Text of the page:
The first form, e.g., cena, is the lemma or lexical form. This is the form you use when looking up words in a dictionary or lexicon.
The second form is the lemma declined in the genitive case, singular number. In this instance, it is cenae.
Robert J. Henle wrote,1
All Latin nouns are divided into five main groups called declensions, and in these groups we have a model which shows us the proper endings to use. All we have to find about a new noun is this: What declension does it belong to? This we can tell from the Latin case called the GENITIVE. The GENITIVE SINGULAR always tells to what declension a noun belongs.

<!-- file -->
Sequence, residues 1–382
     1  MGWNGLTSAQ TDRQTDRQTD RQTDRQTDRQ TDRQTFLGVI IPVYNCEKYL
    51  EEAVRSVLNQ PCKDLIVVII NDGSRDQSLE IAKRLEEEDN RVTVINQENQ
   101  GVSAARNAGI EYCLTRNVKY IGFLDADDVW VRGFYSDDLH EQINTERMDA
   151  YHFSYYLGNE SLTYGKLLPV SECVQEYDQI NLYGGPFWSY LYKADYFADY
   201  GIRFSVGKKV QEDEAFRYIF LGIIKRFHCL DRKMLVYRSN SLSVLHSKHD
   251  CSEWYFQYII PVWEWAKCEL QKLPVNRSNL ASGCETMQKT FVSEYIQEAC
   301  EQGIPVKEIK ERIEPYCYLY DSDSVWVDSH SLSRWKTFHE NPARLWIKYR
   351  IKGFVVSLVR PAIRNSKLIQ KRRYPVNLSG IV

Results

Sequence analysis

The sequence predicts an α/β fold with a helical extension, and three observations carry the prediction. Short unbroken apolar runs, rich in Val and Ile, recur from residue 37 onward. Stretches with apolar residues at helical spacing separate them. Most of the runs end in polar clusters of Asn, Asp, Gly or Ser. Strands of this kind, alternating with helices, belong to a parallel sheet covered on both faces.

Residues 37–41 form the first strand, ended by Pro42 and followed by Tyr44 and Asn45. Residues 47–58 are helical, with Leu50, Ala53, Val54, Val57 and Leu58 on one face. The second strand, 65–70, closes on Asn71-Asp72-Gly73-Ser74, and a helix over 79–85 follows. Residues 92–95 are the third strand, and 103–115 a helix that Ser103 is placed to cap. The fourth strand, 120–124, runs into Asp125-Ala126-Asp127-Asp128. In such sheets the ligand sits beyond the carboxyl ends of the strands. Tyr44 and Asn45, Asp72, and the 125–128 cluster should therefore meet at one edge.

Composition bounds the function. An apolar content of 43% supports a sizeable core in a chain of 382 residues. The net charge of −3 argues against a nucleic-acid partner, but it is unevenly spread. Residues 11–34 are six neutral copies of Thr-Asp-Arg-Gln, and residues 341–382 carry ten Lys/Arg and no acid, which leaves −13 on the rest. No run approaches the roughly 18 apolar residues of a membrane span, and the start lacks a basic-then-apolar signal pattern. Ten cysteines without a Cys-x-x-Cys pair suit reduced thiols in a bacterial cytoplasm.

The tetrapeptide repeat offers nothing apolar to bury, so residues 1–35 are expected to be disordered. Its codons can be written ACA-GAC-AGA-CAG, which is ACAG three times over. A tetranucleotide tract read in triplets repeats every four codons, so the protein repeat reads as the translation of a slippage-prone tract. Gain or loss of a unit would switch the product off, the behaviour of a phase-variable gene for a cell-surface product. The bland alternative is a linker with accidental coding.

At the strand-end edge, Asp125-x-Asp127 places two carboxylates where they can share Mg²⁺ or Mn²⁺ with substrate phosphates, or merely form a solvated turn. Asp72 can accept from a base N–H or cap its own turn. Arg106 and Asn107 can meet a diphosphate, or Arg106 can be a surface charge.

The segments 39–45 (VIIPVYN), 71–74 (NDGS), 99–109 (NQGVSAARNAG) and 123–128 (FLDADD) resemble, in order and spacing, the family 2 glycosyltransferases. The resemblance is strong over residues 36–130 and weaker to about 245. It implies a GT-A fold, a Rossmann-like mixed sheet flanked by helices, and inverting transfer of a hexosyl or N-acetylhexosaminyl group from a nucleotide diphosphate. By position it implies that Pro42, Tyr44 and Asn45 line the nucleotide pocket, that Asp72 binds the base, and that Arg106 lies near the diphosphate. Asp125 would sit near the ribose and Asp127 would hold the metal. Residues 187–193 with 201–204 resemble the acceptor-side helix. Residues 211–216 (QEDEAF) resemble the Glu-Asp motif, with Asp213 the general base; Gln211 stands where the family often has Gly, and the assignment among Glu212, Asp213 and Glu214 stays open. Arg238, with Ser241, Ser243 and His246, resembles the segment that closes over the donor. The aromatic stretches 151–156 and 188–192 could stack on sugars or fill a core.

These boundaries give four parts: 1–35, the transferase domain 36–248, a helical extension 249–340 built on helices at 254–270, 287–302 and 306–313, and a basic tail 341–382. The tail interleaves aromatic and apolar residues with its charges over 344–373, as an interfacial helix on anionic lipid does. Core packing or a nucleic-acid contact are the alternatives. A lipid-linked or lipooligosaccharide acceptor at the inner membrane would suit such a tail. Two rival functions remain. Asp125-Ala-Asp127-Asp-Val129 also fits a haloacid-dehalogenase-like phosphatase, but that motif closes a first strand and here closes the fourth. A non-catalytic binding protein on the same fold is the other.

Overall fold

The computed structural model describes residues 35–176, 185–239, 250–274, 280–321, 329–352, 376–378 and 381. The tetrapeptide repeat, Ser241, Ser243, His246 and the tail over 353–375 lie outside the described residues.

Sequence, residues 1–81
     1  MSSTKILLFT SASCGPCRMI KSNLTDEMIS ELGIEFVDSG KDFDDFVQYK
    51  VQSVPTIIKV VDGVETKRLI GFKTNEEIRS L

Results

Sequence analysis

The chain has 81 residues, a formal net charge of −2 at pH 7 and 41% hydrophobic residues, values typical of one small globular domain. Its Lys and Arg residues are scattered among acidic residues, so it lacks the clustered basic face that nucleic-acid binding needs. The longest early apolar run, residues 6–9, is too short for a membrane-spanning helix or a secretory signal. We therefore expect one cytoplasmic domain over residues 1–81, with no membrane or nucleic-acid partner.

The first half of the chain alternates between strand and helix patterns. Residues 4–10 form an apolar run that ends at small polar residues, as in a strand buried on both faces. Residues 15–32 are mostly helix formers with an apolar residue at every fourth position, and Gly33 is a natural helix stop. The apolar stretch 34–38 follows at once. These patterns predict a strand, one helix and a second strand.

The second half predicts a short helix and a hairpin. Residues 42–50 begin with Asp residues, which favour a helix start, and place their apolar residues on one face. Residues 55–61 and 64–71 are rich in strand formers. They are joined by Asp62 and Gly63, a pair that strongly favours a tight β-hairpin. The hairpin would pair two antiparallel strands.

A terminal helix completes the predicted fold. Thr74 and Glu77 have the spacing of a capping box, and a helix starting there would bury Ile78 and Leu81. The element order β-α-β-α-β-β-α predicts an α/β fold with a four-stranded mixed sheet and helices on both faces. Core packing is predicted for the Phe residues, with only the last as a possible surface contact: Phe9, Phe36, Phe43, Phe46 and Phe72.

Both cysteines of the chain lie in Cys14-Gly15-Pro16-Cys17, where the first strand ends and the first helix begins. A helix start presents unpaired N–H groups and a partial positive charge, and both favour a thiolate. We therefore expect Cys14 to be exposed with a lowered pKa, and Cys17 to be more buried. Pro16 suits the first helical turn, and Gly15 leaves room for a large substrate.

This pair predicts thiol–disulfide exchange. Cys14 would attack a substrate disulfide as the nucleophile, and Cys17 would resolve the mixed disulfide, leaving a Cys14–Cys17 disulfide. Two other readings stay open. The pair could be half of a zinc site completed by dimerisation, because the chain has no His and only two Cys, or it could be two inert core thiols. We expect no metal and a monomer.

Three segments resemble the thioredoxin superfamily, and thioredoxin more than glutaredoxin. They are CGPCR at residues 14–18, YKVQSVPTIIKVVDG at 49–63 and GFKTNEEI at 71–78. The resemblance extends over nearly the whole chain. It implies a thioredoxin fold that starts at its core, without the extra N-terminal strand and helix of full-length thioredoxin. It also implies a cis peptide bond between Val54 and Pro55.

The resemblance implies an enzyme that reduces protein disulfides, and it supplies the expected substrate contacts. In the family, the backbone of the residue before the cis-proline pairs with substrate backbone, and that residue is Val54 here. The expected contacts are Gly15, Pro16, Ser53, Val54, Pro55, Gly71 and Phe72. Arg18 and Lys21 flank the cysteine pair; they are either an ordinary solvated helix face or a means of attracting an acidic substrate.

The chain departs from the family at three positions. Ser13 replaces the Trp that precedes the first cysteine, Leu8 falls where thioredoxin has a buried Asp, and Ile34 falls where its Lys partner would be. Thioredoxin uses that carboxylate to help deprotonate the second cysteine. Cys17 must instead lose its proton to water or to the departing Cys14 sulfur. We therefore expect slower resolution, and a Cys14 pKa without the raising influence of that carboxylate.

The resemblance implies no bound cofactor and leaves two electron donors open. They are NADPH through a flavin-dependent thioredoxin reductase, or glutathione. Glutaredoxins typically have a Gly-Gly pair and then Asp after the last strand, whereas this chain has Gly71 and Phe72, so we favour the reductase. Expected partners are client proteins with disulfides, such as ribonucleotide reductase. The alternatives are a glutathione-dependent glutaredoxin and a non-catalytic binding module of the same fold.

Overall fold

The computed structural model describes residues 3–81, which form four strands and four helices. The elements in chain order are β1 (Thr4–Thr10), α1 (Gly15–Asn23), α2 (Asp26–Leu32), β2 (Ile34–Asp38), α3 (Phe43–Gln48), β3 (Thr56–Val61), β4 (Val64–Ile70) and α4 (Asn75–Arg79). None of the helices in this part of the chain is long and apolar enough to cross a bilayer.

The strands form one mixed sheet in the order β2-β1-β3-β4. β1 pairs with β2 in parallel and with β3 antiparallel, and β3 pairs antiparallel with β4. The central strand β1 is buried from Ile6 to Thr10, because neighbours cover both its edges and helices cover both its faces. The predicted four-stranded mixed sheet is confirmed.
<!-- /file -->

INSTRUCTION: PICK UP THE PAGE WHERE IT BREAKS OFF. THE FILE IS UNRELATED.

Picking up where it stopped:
Furthermore, the genitive singular declension is important because by removing the case ending, we can determine the word’s stem. For example, the case ending for the first declension noun in the genitive case, singular number is -ae. By removing that, we can determine the stem, which is cen-.
Henle, Robert J. Latin: First Year. Chicago: Loyola Press, 1958.
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